Wednesday, July 25, 2012


After some time unable to update this blog due to computer problems I finally got myself some new electronic toys and so I’m pleased to say things should be fine from now on. A new laptop, a new camera and a new smartphone. Of course this does mean that the new fishing equipment I was planning on getting has to wait, I can’t have it all! But I have enough stuff to keep me going for some time yet anyway.

Out of all these new devices I must say my favourite is the smartphone, with which I’m writing and posting this entry. It’s the Sony Erricsson Xperia Arc S with Android 4.0. Elegant, well made, light and the best touch screen I’ve tried to date. The quality of video play back is fantastic with the Bravia engine and the 8 megapixel camera is outstanding.

I had always been a fan of Nokia phones and I don’t know in your respective countries but here in Spain the software installed is giving nothing but problems. I had a Nokia C6-001 and it I was a regular at the Nokia Centre!!!

Anyway, just to say thanks for all your visits and shall soon be posting fishing adventures. thanks again.

Saturday, May 19, 2012

Fishing with Live Smelt – Update

Ok, here’s a short update on fishing with live baitfish. Though the idea is Sea Trout I wasn’t lucky and didn’t land any at all, not even a bite, nor did I see them as I did before I started this exercise and, in fact, was the reason I tried. To jog your memory remember that I’m trying in the ports and harbour around La Coruña, Spain which has been my home for 10 years now.

I leave you a short video on how I set up for this fishing using my Match rod, a very small float and a small treble. Now, although the Sea Trout didn’t feel tempted by the smelt as I had thought See Bass were and a number were caught, though most were too small and apart from a couple that were hurt too much all were returned to whence they came.

"Marcos" A good friend that accompanied me a couple of times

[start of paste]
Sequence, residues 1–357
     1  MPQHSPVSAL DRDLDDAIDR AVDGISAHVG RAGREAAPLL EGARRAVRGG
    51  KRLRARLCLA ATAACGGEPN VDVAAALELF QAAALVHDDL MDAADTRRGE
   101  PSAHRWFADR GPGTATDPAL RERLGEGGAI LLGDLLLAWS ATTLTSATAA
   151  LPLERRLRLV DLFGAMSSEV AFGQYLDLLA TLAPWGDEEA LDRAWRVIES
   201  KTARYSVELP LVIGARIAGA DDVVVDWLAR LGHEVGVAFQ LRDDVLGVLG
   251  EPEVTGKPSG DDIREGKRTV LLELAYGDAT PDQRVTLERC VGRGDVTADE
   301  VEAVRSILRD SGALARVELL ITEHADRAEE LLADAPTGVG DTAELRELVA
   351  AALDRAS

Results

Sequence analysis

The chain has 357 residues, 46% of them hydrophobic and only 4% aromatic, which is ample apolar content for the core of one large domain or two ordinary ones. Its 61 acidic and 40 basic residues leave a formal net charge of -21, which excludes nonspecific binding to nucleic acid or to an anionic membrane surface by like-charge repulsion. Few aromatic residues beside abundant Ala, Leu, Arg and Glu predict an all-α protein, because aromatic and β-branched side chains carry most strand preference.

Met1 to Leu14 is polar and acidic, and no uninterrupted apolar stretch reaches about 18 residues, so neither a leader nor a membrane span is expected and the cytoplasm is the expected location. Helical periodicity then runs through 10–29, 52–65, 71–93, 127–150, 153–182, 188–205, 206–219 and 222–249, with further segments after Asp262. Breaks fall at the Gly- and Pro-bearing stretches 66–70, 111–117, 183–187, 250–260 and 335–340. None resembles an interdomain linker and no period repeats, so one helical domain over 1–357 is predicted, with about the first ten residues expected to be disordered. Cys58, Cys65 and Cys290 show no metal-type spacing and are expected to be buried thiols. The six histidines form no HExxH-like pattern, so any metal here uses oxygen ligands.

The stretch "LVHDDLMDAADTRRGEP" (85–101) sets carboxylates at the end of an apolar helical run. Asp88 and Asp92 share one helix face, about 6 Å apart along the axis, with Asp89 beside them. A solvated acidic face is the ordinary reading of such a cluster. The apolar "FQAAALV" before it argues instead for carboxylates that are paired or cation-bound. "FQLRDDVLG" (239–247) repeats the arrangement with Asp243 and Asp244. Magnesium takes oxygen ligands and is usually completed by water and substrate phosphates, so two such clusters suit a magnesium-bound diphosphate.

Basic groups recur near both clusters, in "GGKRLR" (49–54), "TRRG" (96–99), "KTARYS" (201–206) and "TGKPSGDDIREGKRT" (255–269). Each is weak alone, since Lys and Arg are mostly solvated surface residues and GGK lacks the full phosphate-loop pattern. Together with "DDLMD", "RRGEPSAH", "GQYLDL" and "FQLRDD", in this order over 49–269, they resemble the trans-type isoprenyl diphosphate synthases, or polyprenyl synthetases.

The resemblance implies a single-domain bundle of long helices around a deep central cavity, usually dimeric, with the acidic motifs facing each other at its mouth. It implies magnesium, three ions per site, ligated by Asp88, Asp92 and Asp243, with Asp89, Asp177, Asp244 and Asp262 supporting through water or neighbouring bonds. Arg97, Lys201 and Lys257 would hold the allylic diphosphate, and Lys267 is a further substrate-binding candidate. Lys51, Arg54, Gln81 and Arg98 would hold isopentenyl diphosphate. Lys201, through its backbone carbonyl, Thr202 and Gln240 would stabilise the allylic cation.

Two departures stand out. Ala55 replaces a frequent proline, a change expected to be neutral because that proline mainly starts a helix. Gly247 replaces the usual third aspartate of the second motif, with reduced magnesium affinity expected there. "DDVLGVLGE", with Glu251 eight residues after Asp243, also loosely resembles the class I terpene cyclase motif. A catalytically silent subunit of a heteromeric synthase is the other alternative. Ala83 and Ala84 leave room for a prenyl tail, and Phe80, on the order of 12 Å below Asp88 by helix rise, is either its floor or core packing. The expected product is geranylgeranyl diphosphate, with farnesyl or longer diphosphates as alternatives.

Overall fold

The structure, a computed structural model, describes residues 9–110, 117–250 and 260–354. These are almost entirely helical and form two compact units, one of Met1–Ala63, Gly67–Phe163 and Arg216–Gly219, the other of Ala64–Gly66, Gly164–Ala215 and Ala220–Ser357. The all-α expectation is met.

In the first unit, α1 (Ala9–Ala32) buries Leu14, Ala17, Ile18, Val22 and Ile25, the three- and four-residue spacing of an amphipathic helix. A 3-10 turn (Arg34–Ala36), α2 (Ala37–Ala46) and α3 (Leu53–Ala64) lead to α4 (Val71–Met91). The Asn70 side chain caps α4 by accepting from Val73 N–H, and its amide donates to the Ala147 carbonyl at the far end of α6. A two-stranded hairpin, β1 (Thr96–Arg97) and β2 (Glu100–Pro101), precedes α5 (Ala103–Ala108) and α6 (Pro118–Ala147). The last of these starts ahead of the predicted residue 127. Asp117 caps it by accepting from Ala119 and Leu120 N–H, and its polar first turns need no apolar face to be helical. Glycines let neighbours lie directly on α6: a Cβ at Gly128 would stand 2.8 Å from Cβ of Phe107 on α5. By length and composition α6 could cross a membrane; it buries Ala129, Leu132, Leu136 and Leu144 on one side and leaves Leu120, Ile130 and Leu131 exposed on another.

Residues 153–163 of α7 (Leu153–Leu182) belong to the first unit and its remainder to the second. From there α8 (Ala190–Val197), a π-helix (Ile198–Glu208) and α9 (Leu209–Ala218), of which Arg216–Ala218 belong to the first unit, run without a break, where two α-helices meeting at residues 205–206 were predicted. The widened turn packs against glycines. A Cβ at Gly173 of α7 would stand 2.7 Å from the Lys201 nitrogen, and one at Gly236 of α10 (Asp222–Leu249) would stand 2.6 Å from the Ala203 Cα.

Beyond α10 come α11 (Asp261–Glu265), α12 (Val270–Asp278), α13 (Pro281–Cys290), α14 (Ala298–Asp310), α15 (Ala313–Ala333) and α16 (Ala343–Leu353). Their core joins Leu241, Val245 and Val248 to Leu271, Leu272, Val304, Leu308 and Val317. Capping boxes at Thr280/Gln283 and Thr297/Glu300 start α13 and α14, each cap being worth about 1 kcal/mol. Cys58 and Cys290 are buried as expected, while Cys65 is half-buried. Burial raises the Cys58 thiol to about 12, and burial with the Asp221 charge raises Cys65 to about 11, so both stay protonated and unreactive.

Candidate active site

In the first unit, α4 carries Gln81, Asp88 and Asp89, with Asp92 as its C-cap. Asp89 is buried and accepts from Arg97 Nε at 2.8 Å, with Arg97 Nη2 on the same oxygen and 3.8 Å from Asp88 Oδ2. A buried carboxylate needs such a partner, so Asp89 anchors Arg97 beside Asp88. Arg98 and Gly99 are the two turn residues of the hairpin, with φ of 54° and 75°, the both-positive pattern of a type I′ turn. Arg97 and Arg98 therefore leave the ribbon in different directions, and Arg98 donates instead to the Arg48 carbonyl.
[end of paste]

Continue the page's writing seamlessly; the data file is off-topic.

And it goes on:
Happy Fishing.

Thursday, April 19, 2012

Sunrise on the Coast of Death

Monday morning just before sunrise Marcos and I arrived at the coast near a town called Malpica. We had decided to take advantage of the slightly calmer weather to do some spinning, a decision that’ll take a few weeks to forget. 

As I said the weather was slightly better than that we’d been having, and approaching in the next few days according to the weather reports. It seems winter has returned and returned with vengeance. This coast is the “Coast of Death” because of the treacherous seas and steep and jugged rock formations. 

We parked the car as near as possible but this was still a good 300 feet above sea level and a mile walk down to the rocks. We got changed, set up and set off down the cliff to perch ourselves on our chosen fishing spots. The first hour and a half went by fine, nothing caught except a needle fish by Marcos, fairly calm seas and although we had a head wind we could just about cast a reasonable distance. 

Then as I was clambering over the rocks to find a different spot I slipped and fell. It hurt, it hurt a lot. I slightly twisted, banged and cut my left knee and cut my left hand. I had quickly let go of my rod and reel and luckily didn’t damage either one. Once I could move I thought the best thing to do was to climb back up to the car while the adrenaline was still rushing through me allowing me to limb along. 

The adrenaline ran out about half way up and I had to be helped the rest of the way by Marcos. After the car ride home when I tried to get out I could hardly walk but managed to hobble into my flat. Later that afternoon I had no choice but to visit the emergency ward where after some X-rays I was pleased to be told I hadn’t broken anything but did tear a ligament and that I needed to keep my weight of my leg for at least a couple of weeks. 

So there we have it. What can I say except be careful out there. I guess I’m getting old! I didn’t have the camera running at the time but I leave you a video and some pics of the scenery.

(Un)Happy Fishing

Sunday, April 8, 2012

Now you see me……Now you don’t!

This crab seems to be some kind of “Pea Crab”. The spring tides always unveil things that for the most part are left covered up. These little crabs were all around us. I thought you might like to see it.

Happy Fishing

Friday, April 6, 2012

Gilt Headed Bream Rig

Despite the title of this post this rig can be used for many other types of fish, in fact I often use this rig for Sea Bass with the only difference being I attach a treble hook baited with sardine or bloodworm.

The basic idea is to have a sliding sinker so the fish doesn’t pull on the sinker after taking the bait and in turn when I give the tug to get a secure hooking I tug directly down the line to the hook and not the sinker.